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July 16, 2012 - Comments Off on Millimeters of Metropolis

Millimeters of Metropolis

I'll be the first to admit it: I have a problem--a media problem. It might be just my generation but I'm beginning to think it's really all of us. We've contracted what I call "screen-lookitis" and I suffer from a particularly acute case. I'll be with friends in a bar having a merry old time, but put a screen in the corner of the room and I can't help but look every few minutes or seconds even! Perhaps being raised in a world where anything and everything of worth appears in glowing pixels at some point or another has conditioned me to this extreme behavior. But even looking back to the birth of the moving image we see a similar devotion in those Vaudevillian days. Film is an extremely efficient and engaging communication tool and as such it has completely altered the human experience. As a confessed media junky, I can easily say it very much inspires.

 Of course all forms of media inspire us. Our ability to communicate and interpret ideas is what makes human so unique after all. But by simulating our real world experience in the lit rectangle of the screen, movies, television and now the web manage to hijack our senses completely and unlike anything before. The amount of television we now consume is quite startling at an average of 4 hours a day in the US. But the works of people like César Moreno tap the brakes on this depressing train of thought. His strong illustrative style echoes a comic book aesthetic while his downplayed colors and extreme contortions of scale and perspective serve to make his work truly unique. The subjects often involve film stars and characters alike, below are Heisenberg from Breaking Bad (which just returned this past Sunday!) and one of the most famous scenes in modern cinema from Pulp Fiction.

The interplay of film and the web was obvious at first glance to many. Web video has recently taken off on services like Youtube, Hulu, and Vimeo. But like so much else in our glorious digital revolution, progress has been slowed and stymied by entrenched parties. While some are coming around, many more remain obstinate in the course of progress. But that just leaves more opportunities for the small guys to swoop in and take over as the site for Media Arts Lawyers can attest. A small law practice, MAL provides legal support for small burgeoning artists in all forms of media and distribution. Their long horizontal site calls to mind film strips with its perforated menu design. The monochromatic palette mixed with splashes of red is like the darkrooms of old while slick design and interface rule all. Though the site doesn't work well on small screens it does work on mobile devices. However the static header fills the entire screen making it unclear that the content below has changed.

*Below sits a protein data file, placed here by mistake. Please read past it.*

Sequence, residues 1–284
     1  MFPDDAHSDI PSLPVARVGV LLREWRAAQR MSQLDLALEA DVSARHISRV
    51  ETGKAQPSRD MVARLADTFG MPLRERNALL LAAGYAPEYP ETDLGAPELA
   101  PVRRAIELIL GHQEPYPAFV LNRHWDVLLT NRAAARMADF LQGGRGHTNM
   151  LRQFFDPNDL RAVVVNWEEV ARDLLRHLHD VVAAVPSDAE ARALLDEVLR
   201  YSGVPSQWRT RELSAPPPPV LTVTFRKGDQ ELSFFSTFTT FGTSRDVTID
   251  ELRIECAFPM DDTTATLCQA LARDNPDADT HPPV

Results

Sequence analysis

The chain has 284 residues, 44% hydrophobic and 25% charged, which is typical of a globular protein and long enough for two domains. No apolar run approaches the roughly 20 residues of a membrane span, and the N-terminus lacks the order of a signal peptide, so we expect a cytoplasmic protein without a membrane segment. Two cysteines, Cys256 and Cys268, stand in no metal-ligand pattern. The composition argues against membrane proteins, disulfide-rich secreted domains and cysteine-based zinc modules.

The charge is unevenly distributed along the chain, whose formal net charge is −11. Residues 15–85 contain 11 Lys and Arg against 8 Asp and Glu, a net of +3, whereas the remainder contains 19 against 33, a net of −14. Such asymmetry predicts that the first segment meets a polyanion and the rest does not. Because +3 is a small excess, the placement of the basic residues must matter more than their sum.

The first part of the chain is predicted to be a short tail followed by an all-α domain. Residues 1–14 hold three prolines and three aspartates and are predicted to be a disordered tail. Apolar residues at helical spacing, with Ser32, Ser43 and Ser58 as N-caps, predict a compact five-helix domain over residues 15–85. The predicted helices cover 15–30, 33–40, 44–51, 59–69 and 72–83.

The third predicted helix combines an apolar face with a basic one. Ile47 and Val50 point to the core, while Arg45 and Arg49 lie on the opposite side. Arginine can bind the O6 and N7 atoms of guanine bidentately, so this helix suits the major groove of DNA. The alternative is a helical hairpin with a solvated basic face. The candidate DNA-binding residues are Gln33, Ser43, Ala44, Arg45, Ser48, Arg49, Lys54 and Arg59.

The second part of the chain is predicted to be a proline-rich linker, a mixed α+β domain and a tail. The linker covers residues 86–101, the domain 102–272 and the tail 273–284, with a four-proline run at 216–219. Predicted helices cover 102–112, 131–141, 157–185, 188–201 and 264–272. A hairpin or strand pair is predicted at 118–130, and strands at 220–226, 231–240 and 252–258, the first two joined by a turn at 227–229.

One often overlook downside of film is how invisible it makes the artistic process. Large amounts of work are required to bring any artistic vision to life, especially in film. If a film maker has done a good job of course, all this work should be invisible to the viewer. And no crew member is more overlooked than the Foley artist; the men and women who add all those subtle sounds that don't get picked up while recording but are vital to giving actions a sense of weight and reality.

Please tune in later this week for our podcast on the subject of digital media and privacy in the modern age. Till then, happy watching.

The Sketching Mechanism is a series of weekly posts, published on Mondays, containing the artistic musings of Mobile Designer/Developer Ben Chirlin from our Monday morning meeting at the NY Creative Bunker as well as his inspiring artistic finds of the week.

Published by: benchirlin in The Sketching Mechanism
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